AFNOR Study: the quality challenge and the underestimated costs of poor quality

AFNOR Study: the quality challenge and the underestimated costs of poor quality

AFNOR Group presents the results of a ground-breaking study where 800 industrial professionals talk about poor quality (or non-quality). Find out how they perceive and measure it, the figure they put on the related costs and the steps they take to prevent it.

AFNOR Group presents the results of a ground-breaking study conducted in October 2017 on the costs of poor quality. The study involved 816 business leaders and quality specialists working mainly in industry. It flags the difficulties they experience in terms of identifying and measuring the costs of non-quality, which nonetheless constitute an often overlooked lever for increasing sales revenue.

A notable fact: industrial players overwhelmingly equate non-quality with non-conformance, in other words the fact that a product does not comply with the specification or technical requirements (scrap, re-works, repairs, returns under warranty, etc.). On the other hand, they do not equate it with “non-performance”, which has a more managerial dimension and is associated with the organization’s strategy.

A cost estimated at 5%, or less, of sales revenue

There is a broad consensus that non-quality must be measured: 92% of enterprises consider this essential or at least necessary. But not all of them know how or are capable: 20% of manufacturers admit that they do not have the capability at this point in time. Among those who can, two thirds estimate the cost at up to 5% of sales revenue and one in six at above 10%. However, in the view of 37%, these measures do not correspond at all to the reality of the situation or only to a tiny part of it.

The costs of poor quality survey
Another cause for concern: the subject of non-quality is not sufficiently brought to the attention of higher levels. Only half of the respondents say that they report monthly to top management on the subject. 33% of the organizations do not communicate on the subject to their teams. And worse, 26% take no corrective action. Although staff turnover and occupational illnesses are taken account of in 30% and 20% of cases, this does not apply to lack of personnel involvement, inadequate management and societal risks, which are virtually never measured. And so, given such deficiencies, the measurement of non-quality is not the management tool it is theoretically supposed to be !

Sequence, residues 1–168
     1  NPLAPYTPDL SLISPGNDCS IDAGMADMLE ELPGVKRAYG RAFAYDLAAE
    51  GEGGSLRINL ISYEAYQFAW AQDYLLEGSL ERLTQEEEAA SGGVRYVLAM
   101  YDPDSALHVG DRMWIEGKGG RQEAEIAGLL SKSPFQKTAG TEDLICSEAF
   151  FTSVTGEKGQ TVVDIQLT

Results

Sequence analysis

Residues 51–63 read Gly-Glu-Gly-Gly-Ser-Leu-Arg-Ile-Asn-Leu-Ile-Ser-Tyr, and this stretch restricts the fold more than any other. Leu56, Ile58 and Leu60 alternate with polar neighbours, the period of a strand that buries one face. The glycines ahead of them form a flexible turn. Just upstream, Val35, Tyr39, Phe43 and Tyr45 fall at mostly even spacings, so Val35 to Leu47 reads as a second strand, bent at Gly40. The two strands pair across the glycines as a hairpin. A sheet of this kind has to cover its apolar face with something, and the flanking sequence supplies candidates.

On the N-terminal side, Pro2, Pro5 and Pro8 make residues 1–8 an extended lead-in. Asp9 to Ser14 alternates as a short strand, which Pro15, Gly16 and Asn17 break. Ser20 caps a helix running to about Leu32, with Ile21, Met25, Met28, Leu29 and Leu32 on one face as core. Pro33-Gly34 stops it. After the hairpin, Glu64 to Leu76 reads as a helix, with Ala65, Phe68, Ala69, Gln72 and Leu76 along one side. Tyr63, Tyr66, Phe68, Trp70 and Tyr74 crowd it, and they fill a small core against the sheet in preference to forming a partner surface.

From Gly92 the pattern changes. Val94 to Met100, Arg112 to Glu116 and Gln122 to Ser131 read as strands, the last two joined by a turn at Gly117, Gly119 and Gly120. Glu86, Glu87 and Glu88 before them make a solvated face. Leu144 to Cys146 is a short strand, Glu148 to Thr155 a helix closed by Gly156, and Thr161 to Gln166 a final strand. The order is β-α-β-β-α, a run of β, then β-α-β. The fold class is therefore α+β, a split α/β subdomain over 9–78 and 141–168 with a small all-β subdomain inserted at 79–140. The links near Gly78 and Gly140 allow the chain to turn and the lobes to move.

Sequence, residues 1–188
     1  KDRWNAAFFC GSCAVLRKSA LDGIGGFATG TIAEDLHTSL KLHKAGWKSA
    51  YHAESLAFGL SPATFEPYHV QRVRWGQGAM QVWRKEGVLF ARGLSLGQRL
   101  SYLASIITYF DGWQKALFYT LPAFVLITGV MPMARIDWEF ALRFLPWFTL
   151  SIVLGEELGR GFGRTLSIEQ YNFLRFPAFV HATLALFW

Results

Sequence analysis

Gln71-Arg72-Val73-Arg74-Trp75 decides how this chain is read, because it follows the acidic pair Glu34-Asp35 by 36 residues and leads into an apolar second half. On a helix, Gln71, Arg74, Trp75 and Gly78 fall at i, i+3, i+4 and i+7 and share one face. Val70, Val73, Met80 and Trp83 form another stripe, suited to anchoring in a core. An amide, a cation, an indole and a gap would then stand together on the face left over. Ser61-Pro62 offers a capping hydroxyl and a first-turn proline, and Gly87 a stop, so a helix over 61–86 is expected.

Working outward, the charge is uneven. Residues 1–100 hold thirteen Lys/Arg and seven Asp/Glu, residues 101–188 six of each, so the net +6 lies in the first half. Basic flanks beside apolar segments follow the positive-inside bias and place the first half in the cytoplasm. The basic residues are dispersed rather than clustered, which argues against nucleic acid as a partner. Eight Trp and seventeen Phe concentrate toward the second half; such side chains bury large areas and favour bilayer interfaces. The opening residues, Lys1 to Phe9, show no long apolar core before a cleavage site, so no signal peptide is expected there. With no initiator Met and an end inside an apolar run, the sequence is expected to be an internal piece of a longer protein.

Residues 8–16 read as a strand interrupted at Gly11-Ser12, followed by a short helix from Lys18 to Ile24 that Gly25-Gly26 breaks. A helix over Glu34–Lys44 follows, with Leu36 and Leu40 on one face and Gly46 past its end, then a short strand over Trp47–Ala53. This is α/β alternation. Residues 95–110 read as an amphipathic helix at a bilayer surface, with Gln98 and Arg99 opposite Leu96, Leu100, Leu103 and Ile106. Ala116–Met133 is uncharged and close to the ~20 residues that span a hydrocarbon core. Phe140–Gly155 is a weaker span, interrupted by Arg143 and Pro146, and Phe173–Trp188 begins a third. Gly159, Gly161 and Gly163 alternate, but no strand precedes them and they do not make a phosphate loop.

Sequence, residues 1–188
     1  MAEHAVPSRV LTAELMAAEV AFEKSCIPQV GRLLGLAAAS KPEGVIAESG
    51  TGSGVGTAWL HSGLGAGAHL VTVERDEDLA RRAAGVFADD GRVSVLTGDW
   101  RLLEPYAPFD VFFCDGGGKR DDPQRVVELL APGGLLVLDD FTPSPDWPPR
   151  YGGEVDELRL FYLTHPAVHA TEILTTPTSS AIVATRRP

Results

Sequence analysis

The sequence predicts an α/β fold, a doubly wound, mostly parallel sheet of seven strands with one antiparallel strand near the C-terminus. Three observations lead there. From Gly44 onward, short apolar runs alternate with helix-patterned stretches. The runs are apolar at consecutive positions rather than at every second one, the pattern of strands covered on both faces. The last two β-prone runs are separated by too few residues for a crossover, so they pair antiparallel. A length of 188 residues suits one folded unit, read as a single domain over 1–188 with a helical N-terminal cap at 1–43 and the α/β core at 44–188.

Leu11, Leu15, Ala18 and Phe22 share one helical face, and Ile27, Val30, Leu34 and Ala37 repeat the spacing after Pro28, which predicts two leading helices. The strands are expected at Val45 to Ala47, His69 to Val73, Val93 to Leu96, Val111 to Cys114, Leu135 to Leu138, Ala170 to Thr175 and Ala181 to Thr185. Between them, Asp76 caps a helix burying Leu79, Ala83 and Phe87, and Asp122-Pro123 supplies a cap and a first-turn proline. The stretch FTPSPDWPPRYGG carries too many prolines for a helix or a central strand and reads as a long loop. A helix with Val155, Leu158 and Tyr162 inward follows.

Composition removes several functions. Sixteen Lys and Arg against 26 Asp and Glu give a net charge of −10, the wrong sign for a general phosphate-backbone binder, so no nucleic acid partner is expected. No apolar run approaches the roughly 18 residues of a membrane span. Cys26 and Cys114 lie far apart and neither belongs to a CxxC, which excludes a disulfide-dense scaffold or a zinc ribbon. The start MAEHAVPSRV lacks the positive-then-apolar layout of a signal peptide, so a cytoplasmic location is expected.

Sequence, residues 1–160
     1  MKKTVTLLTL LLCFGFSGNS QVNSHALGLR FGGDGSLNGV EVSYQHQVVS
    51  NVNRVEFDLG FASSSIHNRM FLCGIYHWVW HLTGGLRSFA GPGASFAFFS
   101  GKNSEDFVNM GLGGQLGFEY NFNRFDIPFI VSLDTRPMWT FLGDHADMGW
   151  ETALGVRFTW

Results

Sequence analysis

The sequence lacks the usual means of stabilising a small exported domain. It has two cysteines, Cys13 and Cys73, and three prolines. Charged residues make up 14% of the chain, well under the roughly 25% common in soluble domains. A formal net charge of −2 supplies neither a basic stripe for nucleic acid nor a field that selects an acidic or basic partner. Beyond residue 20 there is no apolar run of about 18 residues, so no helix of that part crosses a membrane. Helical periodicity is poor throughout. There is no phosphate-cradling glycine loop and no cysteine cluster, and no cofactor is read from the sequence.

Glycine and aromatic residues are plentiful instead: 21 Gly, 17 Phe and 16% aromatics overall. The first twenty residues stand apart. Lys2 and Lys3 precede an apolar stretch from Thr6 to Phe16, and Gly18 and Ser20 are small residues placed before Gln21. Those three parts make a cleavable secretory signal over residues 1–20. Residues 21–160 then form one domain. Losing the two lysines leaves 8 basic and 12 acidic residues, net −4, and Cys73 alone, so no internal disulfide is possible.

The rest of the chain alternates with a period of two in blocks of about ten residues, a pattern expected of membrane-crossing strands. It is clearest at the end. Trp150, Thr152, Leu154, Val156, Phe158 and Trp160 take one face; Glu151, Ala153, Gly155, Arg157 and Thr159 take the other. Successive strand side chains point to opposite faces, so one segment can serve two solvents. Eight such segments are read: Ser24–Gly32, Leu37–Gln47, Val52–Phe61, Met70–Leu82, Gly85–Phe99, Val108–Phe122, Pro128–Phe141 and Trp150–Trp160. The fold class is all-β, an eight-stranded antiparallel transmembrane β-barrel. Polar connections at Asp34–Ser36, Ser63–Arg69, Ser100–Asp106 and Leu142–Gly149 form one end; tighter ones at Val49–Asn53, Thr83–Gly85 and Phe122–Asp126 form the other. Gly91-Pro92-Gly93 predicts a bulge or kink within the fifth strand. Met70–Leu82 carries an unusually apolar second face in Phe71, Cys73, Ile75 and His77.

Organizations want to act, but the majority paint a rather poor picture of their ability to identify, measure and use non-quality indicators that could be central to their strategy. In a few months’ time AFNOR Group will offer an online service enabling organizations to adopt suitable quality indicators and compare them with organizations in the same sector. Indiko Quality will help organizations and their top management to properly address the key issue of non-quality. In 2018 we will offer platforms, meetings and clubs by areas of activity or by region. This concerted approach will provide organizations with a benchmark so that they can find the most relevant indicators for them and the appropriate monitoring methods”, comments Anne-Laure Mauduit, Innovation and Planning Manager with AFNOR Group.

 

ISO 9001, for effective monitoring of non-quality as part of a continual improvement approach

In addition, the study lists some simple rules for addressing these issues in a more effective way, in terms of both indicators and management. Rules that will be optimally effective if they are put in place in the framework of a continual improvement approach, leading to a certification. ISO 9001 enables organizations to deploy a management system with relevant indicators, manage tensions and identify malfunctions in order to progress. More vertically, standards such as ISO 20400 (sustainable procurement) will help you identify then eliminate non-compliant suppliers, ISO 50001 (energy management) over-consumptions of energy, OHSAS 18001 and the future ISO 45001 (occupational health and safety) malfunctions associated with health and safety at work.

The study also highlights a real benefit of being certified: in enterprises holding certification there is improved confidence in measured costs. More aware of the problem, immersed in a culture more open to the idea of room for error, employees feel less constrained in terms of reporting information! Following the success of this study, AFNOR Group intends to repeat the exercise with service organizations in 2018.

Study methodology

Study conducted in 2017 via an online questionnaire. Over 800 respondents contributed thereby forming a representative sample of the French industrial fabric in terms of business areas, sales figures, geographic distribution and export activities.